I have a confession to make: I am a social worker. At least, that’s what it says on my job description and my diploma. I prefer to use the “old-fashioned” term for my degree – social welfare – because I acknowledge that “social work” gives many people a poor taste in their mouth and inclines many towards dismissing my work. As one commenter put it, we’re considered (and there’s a fair bit of truth here) the “lowest rungs on the academic ladder.” Even more open-minded folks have a tendency to dismiss social sciences, even of the more rigorous ones, as disciplines that can’t make up their minds whether they want to be sciences or liberal arts.
A social worker’s education is about one-half counseling (in practice and theory) to one-quarter public policy and one-quarter research. It’s an odd hybrid between psychology, political economy, and sociology. And I’ll admit that I had to work my ass off to garner the benefit from two dedicated research professors and did a lot of the political economy work on my own; there’s a real bias towards counseling currently in my profession. That said, there are social workers (typically those who go into PhD programs like UC Berkeley’s) who identify as such and do a lot of disciplined, rigorous research into social issues.
Often times, social sciences are disparaged because their work cannot give us the same kind of causal relationships one can garner from physical sciences. But then, this is precisely the point. Recognizing that most of our research will end up being correlational, rather than causal, social scientists have developed a fair number of methodologies in order to provide accurate data. My personal favorite is the “mixed” study design, integrating quantitative (X subjects out of Y sample for Z criteria) with qualitative (narrative, interviews, patterns, etc.) methods. In social welfare programs, we are held to far stricter statistical analysis standards than many other social sciences, such as political science or economics (anything less than p = .05, I was taught, makes results unreliable). We do this precisely because there are so many conflicting and interacting factors when one is discussing social and psychological issues.
It was this acknowledgment of and attempt to account for and integrate these complex factors into our research and methods that attracted me to social work, and keeps me interested today. We call this “systems theory:” Everyone (or group of individuals) has multiple factors at work upon them on many levels. The evaluation of any action, from individuals, groups, or even ethnicities or nations, needs to take into account the interaction of psychological, social, cultural, religious, economic, environmental, historical, and psychological factors. When dealing with human interaction, it is borderline intellectually dishonest to attempt to boil down anything to one causal or explanatory factor.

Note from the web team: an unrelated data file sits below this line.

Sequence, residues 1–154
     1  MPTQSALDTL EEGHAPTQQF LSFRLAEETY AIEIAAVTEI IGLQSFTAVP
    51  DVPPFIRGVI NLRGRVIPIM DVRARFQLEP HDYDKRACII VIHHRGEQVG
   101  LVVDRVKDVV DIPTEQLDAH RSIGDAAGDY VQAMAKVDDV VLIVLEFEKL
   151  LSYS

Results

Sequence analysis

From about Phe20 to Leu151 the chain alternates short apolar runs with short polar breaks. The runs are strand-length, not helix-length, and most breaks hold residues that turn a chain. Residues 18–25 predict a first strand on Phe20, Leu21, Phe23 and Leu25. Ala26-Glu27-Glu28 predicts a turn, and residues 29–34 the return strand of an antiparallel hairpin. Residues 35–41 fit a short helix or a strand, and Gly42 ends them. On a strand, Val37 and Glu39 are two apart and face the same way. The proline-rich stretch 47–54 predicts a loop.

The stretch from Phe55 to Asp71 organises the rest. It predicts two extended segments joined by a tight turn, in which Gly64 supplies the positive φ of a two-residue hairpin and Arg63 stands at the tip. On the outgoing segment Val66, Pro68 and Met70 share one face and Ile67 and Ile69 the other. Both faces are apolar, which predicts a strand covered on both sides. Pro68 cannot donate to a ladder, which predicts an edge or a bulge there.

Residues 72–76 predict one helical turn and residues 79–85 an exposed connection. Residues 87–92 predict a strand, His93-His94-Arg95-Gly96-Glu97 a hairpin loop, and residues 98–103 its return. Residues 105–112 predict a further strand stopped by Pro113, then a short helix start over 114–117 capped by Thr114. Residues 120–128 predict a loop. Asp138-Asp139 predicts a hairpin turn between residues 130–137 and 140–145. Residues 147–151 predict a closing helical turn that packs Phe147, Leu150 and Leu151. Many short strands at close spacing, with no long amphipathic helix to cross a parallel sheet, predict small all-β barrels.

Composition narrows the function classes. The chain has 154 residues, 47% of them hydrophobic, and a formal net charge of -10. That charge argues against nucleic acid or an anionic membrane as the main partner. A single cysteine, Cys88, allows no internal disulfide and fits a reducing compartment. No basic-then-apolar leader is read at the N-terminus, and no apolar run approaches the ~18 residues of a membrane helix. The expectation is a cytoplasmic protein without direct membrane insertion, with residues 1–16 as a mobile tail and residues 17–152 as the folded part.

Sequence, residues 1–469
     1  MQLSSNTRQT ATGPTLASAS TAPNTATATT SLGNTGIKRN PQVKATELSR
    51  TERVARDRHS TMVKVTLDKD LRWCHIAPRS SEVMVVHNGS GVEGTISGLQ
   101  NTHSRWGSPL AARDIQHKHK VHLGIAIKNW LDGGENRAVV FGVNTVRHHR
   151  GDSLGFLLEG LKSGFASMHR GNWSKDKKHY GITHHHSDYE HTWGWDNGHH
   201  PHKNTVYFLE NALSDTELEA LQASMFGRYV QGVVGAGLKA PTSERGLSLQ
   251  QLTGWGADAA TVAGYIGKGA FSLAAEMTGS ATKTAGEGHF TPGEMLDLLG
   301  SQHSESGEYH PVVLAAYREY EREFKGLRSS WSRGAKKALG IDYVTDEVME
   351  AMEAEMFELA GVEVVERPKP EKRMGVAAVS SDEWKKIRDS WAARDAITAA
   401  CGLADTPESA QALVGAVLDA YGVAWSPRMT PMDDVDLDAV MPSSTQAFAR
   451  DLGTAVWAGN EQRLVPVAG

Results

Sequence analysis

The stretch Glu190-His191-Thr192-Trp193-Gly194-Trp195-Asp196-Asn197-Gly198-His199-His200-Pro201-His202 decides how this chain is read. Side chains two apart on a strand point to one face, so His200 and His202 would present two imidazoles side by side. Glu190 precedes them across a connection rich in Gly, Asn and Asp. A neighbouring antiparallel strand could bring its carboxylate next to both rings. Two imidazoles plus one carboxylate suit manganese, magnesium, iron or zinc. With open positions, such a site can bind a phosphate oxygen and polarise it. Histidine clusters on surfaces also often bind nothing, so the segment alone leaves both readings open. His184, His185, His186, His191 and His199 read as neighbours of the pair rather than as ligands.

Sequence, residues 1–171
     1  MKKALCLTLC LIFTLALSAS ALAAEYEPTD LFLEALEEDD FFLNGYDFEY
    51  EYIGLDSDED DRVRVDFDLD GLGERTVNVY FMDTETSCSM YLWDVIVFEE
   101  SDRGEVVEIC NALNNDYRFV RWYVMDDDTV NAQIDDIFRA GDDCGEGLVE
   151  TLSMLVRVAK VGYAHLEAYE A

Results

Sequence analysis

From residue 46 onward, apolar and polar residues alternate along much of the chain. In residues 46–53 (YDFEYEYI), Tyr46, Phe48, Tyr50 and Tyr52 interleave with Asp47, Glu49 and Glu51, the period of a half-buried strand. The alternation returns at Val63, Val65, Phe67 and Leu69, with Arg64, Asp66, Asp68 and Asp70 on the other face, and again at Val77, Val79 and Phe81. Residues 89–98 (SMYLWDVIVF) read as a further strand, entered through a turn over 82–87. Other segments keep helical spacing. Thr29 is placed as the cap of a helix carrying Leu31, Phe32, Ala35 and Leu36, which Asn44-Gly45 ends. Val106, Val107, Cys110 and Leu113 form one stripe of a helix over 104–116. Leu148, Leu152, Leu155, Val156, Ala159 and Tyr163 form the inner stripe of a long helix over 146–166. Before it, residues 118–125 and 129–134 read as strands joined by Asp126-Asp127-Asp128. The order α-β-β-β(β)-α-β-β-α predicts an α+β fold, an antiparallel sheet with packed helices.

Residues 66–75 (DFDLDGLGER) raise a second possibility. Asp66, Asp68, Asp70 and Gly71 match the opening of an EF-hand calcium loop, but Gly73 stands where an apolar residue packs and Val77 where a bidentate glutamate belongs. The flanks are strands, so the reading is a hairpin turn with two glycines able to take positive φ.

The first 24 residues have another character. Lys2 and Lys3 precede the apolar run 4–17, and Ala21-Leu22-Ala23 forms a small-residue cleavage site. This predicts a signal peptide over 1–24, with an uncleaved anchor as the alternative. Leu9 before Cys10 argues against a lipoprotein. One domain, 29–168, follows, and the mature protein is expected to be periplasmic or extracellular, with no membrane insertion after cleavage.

This is not an easy thing for a lot of people to do. Man, by nature I believe, pursues simple causal relationships. I’ve termed this the “simplicity seeker impulse,” allowing humans to comprehend, categorize, and evaluate data in easily organized schema that can be accessed swiftly. My suspicion – and there’s certainly no ethical or isolated way to prove this that I can think of in my casual moments – is that it is a survival skill to maximize reaction time. This is the impulse that allows us to categorize swaths of people (“Poverty causes gang-membership”) as opposed to recognizing more complex social and psychological interactions (“Lack of rewarding work may cause individuals to seek validation from other external sources”). We see this at work constantly among pundits and academics who wish for their work to be consumed by a broader audience. More disturbingly, it is a prevalent attitude among political leadership that make decisions with far-reaching applications and consequences. It is, frankly, simpler to construct broader explanations that can be digested swiftly and easily.
But simpler doesn’t equate to more accurate. When one is talking about real human lives, it seems to me more sensible to take the time and attempt to account for as many factors as possible before making a decision; similarly, that decision must address as many of those factors as possible. I am not advocating a form of thought wherein every possible correlational factor must be considered and evaluated and statistically established before a decision is reached. This is simply an outgrowth of what used to be a profoundly American form of pragmatic, classically liberal thought: approach everything with a degree of skepticism, especially one’s own certainty.
[James F. Elliott is the proprietor of Often Right, Rarely Correct. This essay is original to The Barefoot Bum -- ed.]